Partisanship and the FCC

The current FCC has a clear bias towards the big cable companies, telcos and cellular companies. There is nothing particularly wrong with that since this FCC represents an administration that also is big-business oriented. Past FCC’s have clearly favored policies that reflected the administration in charge. For instance, the prior FCC under Tom Wheeler was pro-consumer in many ways and pushed things like net neutrality and privacy – issues that had the support of the administration but not of the giant ISPs.

However, in the last few decades the FCC has gotten a lot more partisan. It’s becoming rare to see a policy vote that doesn’t follow party lines. This isn’t true of everything and we see unanimous FCC Commissioner support for things like providing more spectrum for broadband. But FCC voting on any topic that has political overtones now seem to follow party lines.

The most recent example of the increased partisanship is evident with the release of this year’s 2018 Broadband Deployment Report to Congress. In that report Chairman Pai decided to take the stance that the state of broadband in the country is fine and needs no FCC intervention. The FCC is required to determine the state of broadband annually and report the statistics and its conclusions to Congress. More importantly, Section 706 of the Telecommunications Act of 1996 requires that the FCC must take proactive steps to close any perceived gaps in broadband coverage.

In order to declare that the state of broadband in the country doesn’t require any further FCC action, Chairman Pai needed to come up with a narrative to support his conclusion. The argument he’s chosen to defend his position is a bit startling because by definition it can’t be true.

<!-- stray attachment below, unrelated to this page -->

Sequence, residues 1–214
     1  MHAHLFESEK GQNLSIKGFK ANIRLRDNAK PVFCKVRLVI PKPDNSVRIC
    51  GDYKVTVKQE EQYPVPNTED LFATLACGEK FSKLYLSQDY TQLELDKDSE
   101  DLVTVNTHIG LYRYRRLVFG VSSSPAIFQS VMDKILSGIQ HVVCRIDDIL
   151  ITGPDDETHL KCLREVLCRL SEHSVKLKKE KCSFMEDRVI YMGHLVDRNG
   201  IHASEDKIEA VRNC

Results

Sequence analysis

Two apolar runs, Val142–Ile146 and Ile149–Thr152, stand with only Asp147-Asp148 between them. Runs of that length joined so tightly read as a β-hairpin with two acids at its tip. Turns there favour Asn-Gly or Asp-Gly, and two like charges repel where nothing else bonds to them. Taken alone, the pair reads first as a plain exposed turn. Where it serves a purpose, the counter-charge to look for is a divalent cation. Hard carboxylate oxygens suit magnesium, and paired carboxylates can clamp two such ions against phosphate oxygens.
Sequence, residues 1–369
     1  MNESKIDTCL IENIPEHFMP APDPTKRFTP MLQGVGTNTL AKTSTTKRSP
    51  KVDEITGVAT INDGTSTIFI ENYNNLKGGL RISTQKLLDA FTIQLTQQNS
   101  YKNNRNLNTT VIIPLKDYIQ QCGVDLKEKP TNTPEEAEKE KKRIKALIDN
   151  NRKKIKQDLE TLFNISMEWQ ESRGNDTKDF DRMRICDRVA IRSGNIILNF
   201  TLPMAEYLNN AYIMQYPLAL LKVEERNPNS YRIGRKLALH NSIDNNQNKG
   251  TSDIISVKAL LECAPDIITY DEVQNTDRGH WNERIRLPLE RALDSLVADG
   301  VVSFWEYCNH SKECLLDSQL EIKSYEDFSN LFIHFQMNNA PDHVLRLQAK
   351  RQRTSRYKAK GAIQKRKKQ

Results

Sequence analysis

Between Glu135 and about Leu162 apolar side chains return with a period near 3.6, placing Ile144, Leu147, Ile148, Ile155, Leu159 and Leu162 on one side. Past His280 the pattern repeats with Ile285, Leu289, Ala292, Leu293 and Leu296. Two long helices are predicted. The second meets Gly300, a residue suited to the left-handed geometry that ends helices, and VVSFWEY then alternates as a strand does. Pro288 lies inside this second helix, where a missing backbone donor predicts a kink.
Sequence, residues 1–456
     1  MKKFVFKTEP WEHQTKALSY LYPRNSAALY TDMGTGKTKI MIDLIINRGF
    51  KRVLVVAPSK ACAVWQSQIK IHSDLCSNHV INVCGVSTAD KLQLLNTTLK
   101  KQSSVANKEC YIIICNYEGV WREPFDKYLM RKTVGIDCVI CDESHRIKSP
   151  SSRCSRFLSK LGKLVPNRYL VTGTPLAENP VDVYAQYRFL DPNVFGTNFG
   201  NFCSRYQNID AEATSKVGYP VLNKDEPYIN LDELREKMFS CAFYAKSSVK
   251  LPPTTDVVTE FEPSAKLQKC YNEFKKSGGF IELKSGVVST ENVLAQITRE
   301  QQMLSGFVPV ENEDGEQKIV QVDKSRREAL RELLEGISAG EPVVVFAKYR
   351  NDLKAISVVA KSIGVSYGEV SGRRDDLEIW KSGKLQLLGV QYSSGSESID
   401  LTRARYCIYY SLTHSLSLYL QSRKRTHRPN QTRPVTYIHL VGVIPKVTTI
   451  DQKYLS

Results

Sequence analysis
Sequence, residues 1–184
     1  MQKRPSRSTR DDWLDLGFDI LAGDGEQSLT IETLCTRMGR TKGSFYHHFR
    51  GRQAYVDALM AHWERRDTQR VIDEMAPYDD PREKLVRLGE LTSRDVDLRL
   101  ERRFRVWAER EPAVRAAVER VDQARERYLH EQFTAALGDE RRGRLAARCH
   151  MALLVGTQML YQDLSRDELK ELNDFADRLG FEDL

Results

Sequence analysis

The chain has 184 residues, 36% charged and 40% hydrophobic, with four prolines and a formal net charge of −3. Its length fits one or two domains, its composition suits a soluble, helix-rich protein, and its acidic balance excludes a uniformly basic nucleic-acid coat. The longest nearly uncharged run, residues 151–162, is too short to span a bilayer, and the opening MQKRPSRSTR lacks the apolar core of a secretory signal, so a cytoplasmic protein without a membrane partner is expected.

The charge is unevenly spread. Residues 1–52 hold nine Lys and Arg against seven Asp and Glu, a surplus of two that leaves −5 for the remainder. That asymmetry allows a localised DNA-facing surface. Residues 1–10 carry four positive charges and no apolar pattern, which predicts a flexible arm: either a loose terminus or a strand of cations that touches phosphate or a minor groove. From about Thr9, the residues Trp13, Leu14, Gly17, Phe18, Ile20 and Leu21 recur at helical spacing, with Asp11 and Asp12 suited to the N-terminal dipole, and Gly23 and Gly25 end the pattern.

The new broadband report, released on February 9 concludes that “advanced telecommunications capability is being deployed to all Americans in a reasonable and timely fashion. . . This finding does not mean that all Americans now have broadband access. Rather, it means that we are back on the right track when it comes to deployment“. The kicker comes in when the report says that the FCC’s data from ISPs “does not yet reflect the beneficial effects of the Commission’s actions in 2017,” such as “ending the adverse impact on investment caused by the [2015 Net Neutrality] Order. . . For instance, several companies, including AT&T, Verizon, Frontier, and Alaska Communications either commenced or announced new deployments in 2017.

In effect, the FCC now says that broadband deployment is back on track due to its December 2017 net neutrality repeal. But the ‘facts’ it cites don’t support its argument. First, any broadband improvements made by the cited telcos in 2017 would have been authorized and started in 2016 before this new FCC even was in place. Further, a big percentage of the recent broadband deployments of these particular telcos are due to earlier FCC decisions prior to the Pai FCC. For example, AT&T was required as a requirement of the purchase of DirectTV to pass 12 million new residences and businesses with fiber. A lot of the broadband spending made by AT&T, Frontier and Alaska Communications are using CAF II funds given to them by the Wheeler FCC and which the companies are required to spend. None of those expenditures have anything to do with the repeal of net neutrality. And since net neutrality was only reversed a few months ago, it’s impossible to believe that any of the broadband spending in 2017 was due to this FCC. It’s far too early to see if that order will have any impact on rural broadband expenditures (something no industry experts expect).

This FCC Broadband Report concludes that deployment of broadband in the country is on track and reasonable. Yet the numbers in the report show that there are still 19 million Americans in rural America without access to adequate broadband. There are 12 million school-aged children who are suffering from the homework gap because they don’t have broadband at home.

By declaring that broadband deployment is adequate, Chairman Pai has let his FCC off the hook for having to take any actions to address the issue. But his stated reasons are based upon an argument that is clearly not supported by any facts. This would seem to put the Chairman in violation of his Section 706 obligations, although that’s probably something only Congress can determine.